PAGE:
The trial by jury in criminal cases is secured; in civil cases it is not so expressly secured as I should wish it; but it does not follow that Congress has the power of taking away this privilege, which is secured by the constitution of each state, and not given away by this Constitution. I have no fear on this subject. Congress must regulate it so as to suit every state. I will risk my property on the certainty that they will institute the trial by jury in such manner as shall accommodate the conveniences of the inhabitants in every state. The difficulty of ascertaining this accommodation was the principal cause of its not being provided for. It will be the interest of the individuals composing Congress to put it on this convenient footing. Shall we not choose men respectable for their good qualities? Or can we suppose that men tainted with the worst vices will get into Congress? I beg leave to differ from the honorable gentleman in another {69} point. He dreads that great inconveniences will ensue from the federal court; that our citizens will be harassed by being carried thither. I cannot think that this power of the federal judiciary will necessarily be abused; the inconvenience here suggested being of a general nature, affecting most of the states, will, by general consent of the states, be removed; and, I trust, such regulations shall be made in this case as will accommodate the people in every state. The honorable gentleman instanced the Swiss cantons, as an example, to show us the possibility, if not expediency, of being in amicable alliance with the other states, without adopting this system. Sir, references to history will be fatal in political reasons unless well guarded. Our mental ability is often so contracted, and powers of investigation so limited, that sometimes we adduce as an example in our favor what in fact militates against us. Examine the situation of that country comparatively to us: the extent and situation of that country is totally different from ours; their country is surrounded by powerful, ambitious, and reciprocally jealous nations; their territory small, and soil not very fertile. The peculiarity, sir, of their situation, has kept them together, and not that system of alliance to which the gentleman seems to attribute the durability and felicity of their connection.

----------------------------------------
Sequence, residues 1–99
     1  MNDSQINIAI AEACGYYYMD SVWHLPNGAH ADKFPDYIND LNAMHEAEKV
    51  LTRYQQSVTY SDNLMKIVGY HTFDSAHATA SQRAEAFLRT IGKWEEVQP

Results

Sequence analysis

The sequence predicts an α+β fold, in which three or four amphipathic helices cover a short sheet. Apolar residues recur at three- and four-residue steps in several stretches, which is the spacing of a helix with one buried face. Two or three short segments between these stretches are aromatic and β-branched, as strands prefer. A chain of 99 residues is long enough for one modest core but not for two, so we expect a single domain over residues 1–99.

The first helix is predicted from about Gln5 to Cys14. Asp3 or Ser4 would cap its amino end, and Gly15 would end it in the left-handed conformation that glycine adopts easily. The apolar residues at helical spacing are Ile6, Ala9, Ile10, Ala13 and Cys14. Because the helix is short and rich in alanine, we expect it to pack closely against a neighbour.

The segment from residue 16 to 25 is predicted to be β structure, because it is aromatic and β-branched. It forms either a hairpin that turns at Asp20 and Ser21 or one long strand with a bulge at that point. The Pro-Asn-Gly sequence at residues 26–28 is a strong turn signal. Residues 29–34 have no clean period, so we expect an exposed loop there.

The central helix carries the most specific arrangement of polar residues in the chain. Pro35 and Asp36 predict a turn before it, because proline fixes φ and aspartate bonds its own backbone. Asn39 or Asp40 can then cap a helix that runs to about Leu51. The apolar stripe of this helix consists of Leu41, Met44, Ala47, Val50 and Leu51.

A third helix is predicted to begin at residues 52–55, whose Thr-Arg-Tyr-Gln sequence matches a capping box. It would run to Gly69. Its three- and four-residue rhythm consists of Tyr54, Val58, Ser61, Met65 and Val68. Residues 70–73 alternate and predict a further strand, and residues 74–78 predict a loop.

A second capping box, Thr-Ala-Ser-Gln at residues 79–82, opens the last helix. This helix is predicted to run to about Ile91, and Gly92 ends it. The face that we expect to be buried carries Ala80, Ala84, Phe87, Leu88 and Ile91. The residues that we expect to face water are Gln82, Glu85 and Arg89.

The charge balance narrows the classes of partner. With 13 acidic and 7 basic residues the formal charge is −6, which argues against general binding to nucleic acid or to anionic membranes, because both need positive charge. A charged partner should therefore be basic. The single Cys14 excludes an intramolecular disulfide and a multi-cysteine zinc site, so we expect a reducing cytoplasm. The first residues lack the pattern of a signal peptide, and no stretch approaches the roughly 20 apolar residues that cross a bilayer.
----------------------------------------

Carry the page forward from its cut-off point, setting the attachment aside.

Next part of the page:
[Here his excellency quoted some passages from Stanyard, illustrating his argument, and largely commented upon it; the effect of which was, that the narrow confines of that country rendered it very possible for a system of confederacy to accommodate those cantons, that would not suit the United States; that it was the fear of the ambitious and warlike nations that surrounded them, and the reciprocal jealousy of the other European powers, that rendered their union so desirable; and that, notwithstanding these circumstances, and their being a hardy race of people, yet such was the injudicious construction of their confederacy, that very considerable broils interrupted their harmony sometimes.]